If you are worried about any side effects that you think might be linked to your prescription of Tetrabenazine, you can contact the FDA on 1-800-FDA-1088, or visit the website for advice at www.fda.gov/medwatch.

Dosage

The dosage prescribed of Tetrabenazide depends largely on the individual concerned and will vary according to a number of factors, such as seriousness of the condition, history of reactions to similar drugs and age, among others. However, the following guidelines usually apply.

For standard oral tablets that are 12.5 mg and 25 mg in strength: The initial dosage is typically 12.5 mg taken orally once per day in the mornings. After one week, this is usually increased to 12.5 mg taken orally twice per day, resulting in a daily dose of 25 mg.

If a patient responds well to Tetrabenazine, or if involuntary muscle movement is more persistent, the doctor may increase the dosage to up to three times per day. This is usually advised over a course of several weeks. Dosages are usually increased slowly to give the body time to adjust and adapt to the medication, and to keep side effects to a minimum.

The maximum dosage of Tetrabenazine is 200 mg per day. If there is no improvement at that dose in the condition of the patient within a seven day period, there is no known benefit of continuing the treatment, and an alternative drug may be considered. Prolonged administration of the drug at maximum dosage may result in harm to the patient.

Major drug interactions

If you are taking any other medication for any other conditions, you should always tell your doctor before a course of Tetrabenazine is prescribed. Some drugs may interact with the effects of Tetrabenazine and therefore impact the effectiveness of the drug – or, worse, contribute to the unwanted side effects that you may experience. You should always keep a record of any other medication you are taking, and share it with a pharmacist and doctor.

The level of interaction between drugs varies. There may be some drugs that interact with Tetrabenazine, but you may still be able to take both together. This may just alter the dosage of Tetrabenazine that you are prescribed.

It’s the drugs that cause major interactions that you should avoid taking with Tetrabenazine at all times. One drug that has a major interaction with Tetrabenazine is Reserpine. You should not take Tetrabenazine while you are using Reserpine and should wait at least 20 days before taking it after your course of Reserpine has stopped.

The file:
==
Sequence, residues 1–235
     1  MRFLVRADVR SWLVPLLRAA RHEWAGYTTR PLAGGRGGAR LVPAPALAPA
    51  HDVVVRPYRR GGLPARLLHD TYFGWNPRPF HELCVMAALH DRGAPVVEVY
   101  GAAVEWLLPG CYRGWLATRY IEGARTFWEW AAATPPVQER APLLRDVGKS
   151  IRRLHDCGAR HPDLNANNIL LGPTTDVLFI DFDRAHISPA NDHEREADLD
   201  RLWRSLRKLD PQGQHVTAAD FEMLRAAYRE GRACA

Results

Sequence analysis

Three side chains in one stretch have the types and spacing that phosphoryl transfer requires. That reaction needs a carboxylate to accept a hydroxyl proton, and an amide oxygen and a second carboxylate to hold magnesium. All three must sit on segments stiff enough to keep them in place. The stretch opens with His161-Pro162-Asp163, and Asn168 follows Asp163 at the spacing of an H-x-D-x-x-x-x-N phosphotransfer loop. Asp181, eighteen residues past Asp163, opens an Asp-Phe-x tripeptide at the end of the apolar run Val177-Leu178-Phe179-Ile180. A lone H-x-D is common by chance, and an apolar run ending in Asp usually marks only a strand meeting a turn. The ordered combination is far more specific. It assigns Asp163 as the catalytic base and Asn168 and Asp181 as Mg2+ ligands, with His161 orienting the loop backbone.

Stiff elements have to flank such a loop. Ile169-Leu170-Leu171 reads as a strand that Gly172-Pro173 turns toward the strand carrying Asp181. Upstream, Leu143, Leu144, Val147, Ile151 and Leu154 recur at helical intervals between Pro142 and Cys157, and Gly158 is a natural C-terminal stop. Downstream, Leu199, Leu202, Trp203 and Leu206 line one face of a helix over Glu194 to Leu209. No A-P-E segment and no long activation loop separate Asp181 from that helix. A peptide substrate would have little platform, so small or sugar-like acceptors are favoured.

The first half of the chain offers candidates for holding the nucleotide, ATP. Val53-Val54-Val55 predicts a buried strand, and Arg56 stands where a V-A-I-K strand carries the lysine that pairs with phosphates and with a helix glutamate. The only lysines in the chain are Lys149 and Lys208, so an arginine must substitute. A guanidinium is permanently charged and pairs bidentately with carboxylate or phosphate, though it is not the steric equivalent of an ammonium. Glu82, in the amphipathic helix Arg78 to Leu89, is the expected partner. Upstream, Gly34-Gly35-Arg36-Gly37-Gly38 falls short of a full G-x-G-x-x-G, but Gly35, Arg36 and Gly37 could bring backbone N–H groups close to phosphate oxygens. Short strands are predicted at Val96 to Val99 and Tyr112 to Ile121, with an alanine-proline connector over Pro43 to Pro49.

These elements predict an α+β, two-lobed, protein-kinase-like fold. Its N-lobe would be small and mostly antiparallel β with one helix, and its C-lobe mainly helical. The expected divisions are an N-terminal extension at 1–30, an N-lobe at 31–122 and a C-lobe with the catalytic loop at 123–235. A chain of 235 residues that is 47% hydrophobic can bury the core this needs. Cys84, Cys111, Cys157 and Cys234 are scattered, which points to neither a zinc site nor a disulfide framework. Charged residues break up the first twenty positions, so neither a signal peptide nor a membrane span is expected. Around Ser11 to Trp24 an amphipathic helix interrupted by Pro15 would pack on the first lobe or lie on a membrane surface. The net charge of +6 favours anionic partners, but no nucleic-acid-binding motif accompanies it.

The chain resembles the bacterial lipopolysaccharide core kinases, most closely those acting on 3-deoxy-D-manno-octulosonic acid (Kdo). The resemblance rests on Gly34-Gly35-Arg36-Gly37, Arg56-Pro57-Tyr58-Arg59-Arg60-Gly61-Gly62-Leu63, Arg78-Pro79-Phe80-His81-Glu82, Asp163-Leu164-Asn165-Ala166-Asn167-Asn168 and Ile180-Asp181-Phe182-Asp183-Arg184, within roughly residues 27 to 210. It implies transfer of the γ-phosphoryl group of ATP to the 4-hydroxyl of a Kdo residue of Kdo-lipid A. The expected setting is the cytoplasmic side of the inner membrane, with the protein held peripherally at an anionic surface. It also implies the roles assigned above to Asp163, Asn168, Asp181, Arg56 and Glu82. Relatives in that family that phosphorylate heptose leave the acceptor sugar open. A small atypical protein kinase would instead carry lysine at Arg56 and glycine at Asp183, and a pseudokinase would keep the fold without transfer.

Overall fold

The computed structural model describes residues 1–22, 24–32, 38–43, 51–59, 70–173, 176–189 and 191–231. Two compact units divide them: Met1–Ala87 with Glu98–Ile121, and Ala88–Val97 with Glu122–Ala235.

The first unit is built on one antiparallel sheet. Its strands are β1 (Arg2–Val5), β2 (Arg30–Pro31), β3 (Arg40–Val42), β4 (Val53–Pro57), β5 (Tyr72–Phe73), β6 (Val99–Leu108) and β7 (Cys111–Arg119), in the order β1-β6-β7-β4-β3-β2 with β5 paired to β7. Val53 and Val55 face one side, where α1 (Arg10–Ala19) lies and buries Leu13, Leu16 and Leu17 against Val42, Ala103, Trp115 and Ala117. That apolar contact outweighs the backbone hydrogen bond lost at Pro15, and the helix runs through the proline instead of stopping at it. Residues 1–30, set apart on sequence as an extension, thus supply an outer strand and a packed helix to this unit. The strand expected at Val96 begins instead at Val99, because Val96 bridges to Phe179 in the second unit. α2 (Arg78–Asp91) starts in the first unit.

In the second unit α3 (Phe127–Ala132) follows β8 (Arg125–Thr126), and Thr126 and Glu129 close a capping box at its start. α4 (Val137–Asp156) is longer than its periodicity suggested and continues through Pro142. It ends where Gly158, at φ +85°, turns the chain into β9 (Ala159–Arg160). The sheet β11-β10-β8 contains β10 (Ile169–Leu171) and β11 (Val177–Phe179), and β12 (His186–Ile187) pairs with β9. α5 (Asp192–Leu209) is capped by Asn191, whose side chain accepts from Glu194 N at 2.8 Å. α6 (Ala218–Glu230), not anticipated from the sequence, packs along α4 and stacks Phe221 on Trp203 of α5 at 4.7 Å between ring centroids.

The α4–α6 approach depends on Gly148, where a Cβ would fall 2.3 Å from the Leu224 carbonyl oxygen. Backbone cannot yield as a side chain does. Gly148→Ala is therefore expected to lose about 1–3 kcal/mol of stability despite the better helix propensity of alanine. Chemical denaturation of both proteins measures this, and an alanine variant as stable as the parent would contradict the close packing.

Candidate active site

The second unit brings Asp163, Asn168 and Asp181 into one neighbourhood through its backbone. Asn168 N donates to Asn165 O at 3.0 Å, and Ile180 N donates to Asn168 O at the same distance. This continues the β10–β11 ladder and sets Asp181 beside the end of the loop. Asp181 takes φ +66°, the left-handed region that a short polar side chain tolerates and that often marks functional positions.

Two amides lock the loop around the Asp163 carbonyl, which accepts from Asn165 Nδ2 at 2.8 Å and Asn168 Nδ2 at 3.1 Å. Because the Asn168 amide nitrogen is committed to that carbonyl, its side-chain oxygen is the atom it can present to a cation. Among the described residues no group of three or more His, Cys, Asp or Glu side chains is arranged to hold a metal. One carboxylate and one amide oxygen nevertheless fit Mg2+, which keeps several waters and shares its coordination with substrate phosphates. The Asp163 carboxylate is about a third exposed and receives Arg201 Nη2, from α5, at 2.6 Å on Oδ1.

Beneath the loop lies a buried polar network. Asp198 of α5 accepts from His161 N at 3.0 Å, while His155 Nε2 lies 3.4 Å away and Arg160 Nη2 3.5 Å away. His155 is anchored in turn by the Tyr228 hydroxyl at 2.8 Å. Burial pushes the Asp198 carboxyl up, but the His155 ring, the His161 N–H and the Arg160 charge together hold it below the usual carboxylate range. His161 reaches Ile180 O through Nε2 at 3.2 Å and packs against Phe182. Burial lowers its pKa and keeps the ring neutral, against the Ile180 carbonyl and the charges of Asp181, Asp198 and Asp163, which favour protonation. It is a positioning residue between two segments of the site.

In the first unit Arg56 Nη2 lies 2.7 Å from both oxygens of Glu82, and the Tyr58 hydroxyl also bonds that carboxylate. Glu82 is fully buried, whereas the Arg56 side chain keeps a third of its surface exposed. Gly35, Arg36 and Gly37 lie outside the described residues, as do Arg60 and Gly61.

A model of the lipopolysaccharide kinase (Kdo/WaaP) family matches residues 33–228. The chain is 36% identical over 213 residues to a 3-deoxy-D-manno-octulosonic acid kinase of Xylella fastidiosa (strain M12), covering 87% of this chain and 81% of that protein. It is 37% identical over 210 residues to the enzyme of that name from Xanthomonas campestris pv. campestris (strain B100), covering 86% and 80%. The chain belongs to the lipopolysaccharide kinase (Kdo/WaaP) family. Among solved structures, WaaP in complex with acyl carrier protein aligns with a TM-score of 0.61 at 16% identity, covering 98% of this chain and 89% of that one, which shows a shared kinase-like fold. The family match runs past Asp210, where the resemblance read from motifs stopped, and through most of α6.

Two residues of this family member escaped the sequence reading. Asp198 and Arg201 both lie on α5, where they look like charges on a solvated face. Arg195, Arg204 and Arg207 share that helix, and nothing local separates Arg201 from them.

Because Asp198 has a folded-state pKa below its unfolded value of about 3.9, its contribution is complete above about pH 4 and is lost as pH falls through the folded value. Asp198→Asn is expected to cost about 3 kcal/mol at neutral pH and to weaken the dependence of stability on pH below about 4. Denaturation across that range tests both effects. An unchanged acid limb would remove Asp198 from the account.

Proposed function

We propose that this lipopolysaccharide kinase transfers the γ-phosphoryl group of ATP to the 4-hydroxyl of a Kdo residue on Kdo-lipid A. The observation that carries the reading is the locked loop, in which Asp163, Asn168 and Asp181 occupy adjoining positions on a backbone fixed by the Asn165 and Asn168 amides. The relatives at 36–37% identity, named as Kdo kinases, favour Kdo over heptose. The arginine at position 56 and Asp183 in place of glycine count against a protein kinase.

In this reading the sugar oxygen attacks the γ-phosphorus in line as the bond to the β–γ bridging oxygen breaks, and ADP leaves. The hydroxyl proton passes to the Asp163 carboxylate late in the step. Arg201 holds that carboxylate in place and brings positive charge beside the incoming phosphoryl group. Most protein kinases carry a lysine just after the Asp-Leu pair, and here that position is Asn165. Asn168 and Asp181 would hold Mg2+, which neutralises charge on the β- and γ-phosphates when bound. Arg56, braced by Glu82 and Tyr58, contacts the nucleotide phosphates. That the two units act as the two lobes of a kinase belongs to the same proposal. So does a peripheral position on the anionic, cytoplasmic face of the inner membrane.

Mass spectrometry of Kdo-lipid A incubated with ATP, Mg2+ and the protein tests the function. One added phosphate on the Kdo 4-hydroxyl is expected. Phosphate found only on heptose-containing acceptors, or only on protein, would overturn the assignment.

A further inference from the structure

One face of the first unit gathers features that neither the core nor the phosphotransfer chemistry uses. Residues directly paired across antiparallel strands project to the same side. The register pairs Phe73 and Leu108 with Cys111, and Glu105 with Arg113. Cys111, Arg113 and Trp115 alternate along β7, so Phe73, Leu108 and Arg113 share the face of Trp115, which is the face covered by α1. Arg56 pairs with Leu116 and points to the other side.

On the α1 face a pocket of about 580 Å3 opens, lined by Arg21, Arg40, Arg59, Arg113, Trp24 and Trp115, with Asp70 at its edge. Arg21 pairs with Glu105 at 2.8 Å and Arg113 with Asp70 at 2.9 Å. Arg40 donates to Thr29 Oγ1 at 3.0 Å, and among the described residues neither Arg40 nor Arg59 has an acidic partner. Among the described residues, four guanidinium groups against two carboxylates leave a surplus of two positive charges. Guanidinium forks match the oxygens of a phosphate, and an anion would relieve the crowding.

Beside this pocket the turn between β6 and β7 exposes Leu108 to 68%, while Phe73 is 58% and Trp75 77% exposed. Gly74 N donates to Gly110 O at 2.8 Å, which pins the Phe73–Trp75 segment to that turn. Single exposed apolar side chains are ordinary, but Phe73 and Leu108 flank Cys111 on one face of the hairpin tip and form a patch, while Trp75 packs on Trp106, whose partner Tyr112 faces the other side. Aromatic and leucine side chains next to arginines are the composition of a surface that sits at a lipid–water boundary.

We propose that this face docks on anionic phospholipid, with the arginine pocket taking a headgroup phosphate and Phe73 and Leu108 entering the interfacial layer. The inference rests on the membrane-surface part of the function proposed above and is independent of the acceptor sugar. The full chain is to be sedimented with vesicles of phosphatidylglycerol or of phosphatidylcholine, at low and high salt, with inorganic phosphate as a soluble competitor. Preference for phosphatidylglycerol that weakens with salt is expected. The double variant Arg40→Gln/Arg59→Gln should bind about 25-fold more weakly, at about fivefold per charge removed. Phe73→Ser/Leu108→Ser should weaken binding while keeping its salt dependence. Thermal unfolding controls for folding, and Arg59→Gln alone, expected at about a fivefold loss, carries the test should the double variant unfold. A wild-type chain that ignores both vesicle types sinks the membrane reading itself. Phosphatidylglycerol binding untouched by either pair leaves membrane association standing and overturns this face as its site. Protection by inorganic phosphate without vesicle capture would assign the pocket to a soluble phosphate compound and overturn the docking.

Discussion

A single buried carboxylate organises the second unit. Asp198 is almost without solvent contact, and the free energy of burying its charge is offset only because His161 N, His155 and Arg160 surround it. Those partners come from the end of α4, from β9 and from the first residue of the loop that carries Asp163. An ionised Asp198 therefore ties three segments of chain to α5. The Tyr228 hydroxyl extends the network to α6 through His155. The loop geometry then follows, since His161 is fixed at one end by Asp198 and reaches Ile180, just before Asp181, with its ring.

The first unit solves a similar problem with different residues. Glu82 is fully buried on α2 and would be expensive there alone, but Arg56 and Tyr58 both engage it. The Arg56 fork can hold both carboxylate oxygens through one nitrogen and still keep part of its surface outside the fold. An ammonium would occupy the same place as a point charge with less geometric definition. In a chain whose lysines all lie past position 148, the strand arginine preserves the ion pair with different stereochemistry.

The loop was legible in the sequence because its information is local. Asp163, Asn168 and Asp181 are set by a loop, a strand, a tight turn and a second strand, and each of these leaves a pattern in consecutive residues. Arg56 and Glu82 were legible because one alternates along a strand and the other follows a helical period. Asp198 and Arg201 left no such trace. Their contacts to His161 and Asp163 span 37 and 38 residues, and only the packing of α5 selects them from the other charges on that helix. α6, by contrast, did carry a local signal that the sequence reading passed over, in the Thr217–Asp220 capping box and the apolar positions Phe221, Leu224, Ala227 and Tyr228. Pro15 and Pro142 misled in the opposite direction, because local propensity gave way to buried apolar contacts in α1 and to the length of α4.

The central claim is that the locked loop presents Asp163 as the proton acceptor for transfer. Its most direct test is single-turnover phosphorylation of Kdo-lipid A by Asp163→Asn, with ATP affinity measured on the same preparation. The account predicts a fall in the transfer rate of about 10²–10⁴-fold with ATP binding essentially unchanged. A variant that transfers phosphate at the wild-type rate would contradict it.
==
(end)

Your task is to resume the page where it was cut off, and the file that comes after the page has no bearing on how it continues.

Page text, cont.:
Do not take MAO inhibitors with Tetrabenazine. MAO inhibitors (such as procarbazine, selegiline, rasagiline, isocarboxazid, linezolid, moclobemide, safinamide, methylene blue, tranylcypromine and phenelzine) can cause a serious and even fatal reaction in patients if mixed with Tetrabenazine. You should also leave at least two weeks between taking these medications. You should always ask your doctor for advice on when to take these medications if you are in doubt.

There are 943 drugs (a total of 5,513 generic and brand names) that have been known to interact with Tetrabenazine. 113 of these are major interactions, 824 of these are moderate interactions and six are minor interactions. [ref 2]

Other major drug interactions are, in alphabetical order:

  • amiodarone
  • amitriptyline, perphenazine
  • amoxapine
  • anagrelide
  • aripiprazole
  • arsenic trioxide
  • artemether, lumefantrine
  • asenapine
  • bedaquiline
  • benzoic acid, hyoscyamine, methenamine, methylene blue, phenyl salicylate
  • bepridil
  • brexpiprazole
  • bupropion
  • bupropion, naltrexone
  • ceritinib
  • chlorothiazide, reserpine
  • chlorpromazine
  • chlorthalidone, reserpine
  • cinacalcet
  • cisapride
  • citalopram
  • clozapine
  • codeine, phenylephrine, promethazine
  • codeine, promethazine
  • crizotinib
  • deutetrabenazine
  • dextromethorphan, promethazine
  • dextromethorphan, quinidine
  • disopyramide
  • dofetilide
  • dolasetron
  • dronedarone
  • droperidol
  • droperidol, fentanyl
  • efavirenz
  • efavirenz, emtricitabine, tenofovir
  • escitalopram
  • fingolimod